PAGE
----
Show that the function defined by
$\displaystyle f(x)=$
$\displaystyle e^{-\frac{1}{x^{2}}}$ if $\displaystyle x\neq0$
0 if $\displaystyle x=0$
is not equal to its Maclaurin series.
Thanks!!
Have you tried anything at all on this? What is the Maclaurin series? Is this function differentiable at x= 0? (It had better be- if it is not infinitely differentiable at 0, it won't even have a Maclaurin series!) What is the derivative at 0? What is the second derivative at 0?...
Actually calculate the derivative. The derivative of $\displaystyle e^{-1/x^2}$ is $\displaystyle e^{-1/x^2}$ times the derivative of $\displaystyle 1/x^2= x^{-2}$: $\displaystyle -2x^{-3}e^{-1/x^2}$ and, as x goes to 0, that goes to 0 (the exponential goes to 0 faster than any power of x so faster than any negative power of x increases). The second derivative, using the product law is $\displaystyle 6x^-4e^{-1/x^2}+ 4x^{-6}e^{-1/x^2}= (4x^{-6}+ 6x^{-4})e^{-1/x^2}$. Again, that is a polynomial in $\displaystyle x^{-1}$ times $\displaystyle e^{-1/x^2}$. The limit, as x goes to 0, is 0. The third derivative is (-24e^{-7}- 24x^{-5})e^{-1/x^2}+ (4x^{-6}+ 6x^{-4})(-x^{-3})e^{-1/x^2}= (-4x^{-9}- 30x^{-7}- 24x^{-5})e^{-1/x^2}[/tex] and, again, that is a polynomial in $\displaystyle x^{-1}$ times $\displaystyle e^{-1/x^2}$ which goes to 0 as x goes to 0. It should be easy to show, perhaps by induction on n, that the nth derivative is a polynomial in $\displaystyle x^{-n}$ times $\displaystyle e^{-1/x^2}$.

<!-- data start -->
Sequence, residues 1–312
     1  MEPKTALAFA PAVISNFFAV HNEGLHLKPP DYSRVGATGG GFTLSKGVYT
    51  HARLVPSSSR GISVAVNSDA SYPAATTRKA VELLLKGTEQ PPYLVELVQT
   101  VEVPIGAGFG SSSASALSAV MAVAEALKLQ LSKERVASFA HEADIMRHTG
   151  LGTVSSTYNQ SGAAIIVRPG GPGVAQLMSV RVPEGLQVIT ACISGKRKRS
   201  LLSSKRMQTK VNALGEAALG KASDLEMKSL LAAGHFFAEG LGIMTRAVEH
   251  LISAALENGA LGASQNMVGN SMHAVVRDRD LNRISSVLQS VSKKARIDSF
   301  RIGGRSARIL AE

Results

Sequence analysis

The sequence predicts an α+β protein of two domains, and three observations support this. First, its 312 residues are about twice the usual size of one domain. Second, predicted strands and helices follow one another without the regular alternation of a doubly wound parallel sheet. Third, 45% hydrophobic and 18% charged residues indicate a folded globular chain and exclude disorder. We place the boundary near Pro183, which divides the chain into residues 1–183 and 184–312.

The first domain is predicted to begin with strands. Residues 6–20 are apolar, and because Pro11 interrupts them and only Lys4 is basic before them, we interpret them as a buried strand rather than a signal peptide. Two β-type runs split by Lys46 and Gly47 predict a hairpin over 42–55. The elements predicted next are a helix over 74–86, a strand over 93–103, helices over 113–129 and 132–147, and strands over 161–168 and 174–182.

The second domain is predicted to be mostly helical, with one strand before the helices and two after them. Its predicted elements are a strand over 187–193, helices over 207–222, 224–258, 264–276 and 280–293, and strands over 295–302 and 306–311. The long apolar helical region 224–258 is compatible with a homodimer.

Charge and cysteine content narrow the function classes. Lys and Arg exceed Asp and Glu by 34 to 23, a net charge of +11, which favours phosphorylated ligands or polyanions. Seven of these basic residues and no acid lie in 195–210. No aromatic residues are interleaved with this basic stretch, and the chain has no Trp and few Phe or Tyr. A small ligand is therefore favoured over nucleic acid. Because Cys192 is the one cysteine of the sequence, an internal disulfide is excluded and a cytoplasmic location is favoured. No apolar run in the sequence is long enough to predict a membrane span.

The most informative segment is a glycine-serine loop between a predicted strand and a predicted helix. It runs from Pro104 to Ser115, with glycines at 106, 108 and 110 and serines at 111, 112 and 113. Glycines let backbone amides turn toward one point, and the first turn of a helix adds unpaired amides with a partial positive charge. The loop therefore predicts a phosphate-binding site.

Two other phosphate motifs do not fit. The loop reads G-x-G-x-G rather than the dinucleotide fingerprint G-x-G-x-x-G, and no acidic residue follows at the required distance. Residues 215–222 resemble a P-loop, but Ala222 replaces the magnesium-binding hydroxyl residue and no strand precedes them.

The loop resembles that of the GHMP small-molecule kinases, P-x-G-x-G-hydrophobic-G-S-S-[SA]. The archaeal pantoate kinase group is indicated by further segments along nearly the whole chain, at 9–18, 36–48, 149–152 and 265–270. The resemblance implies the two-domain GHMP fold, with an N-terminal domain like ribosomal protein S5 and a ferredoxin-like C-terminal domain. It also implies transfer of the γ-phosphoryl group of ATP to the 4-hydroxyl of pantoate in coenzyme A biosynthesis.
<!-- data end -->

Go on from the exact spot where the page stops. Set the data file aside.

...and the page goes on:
By the way, while the dervivative of a function is not necessarily continuous, it must satisfy the 'intermediate value' property and so, as long as the derivative at 0 exists, the nth derivative at 0 is the same as the limit, as x goes to 0, of the nth derivative for n not 0.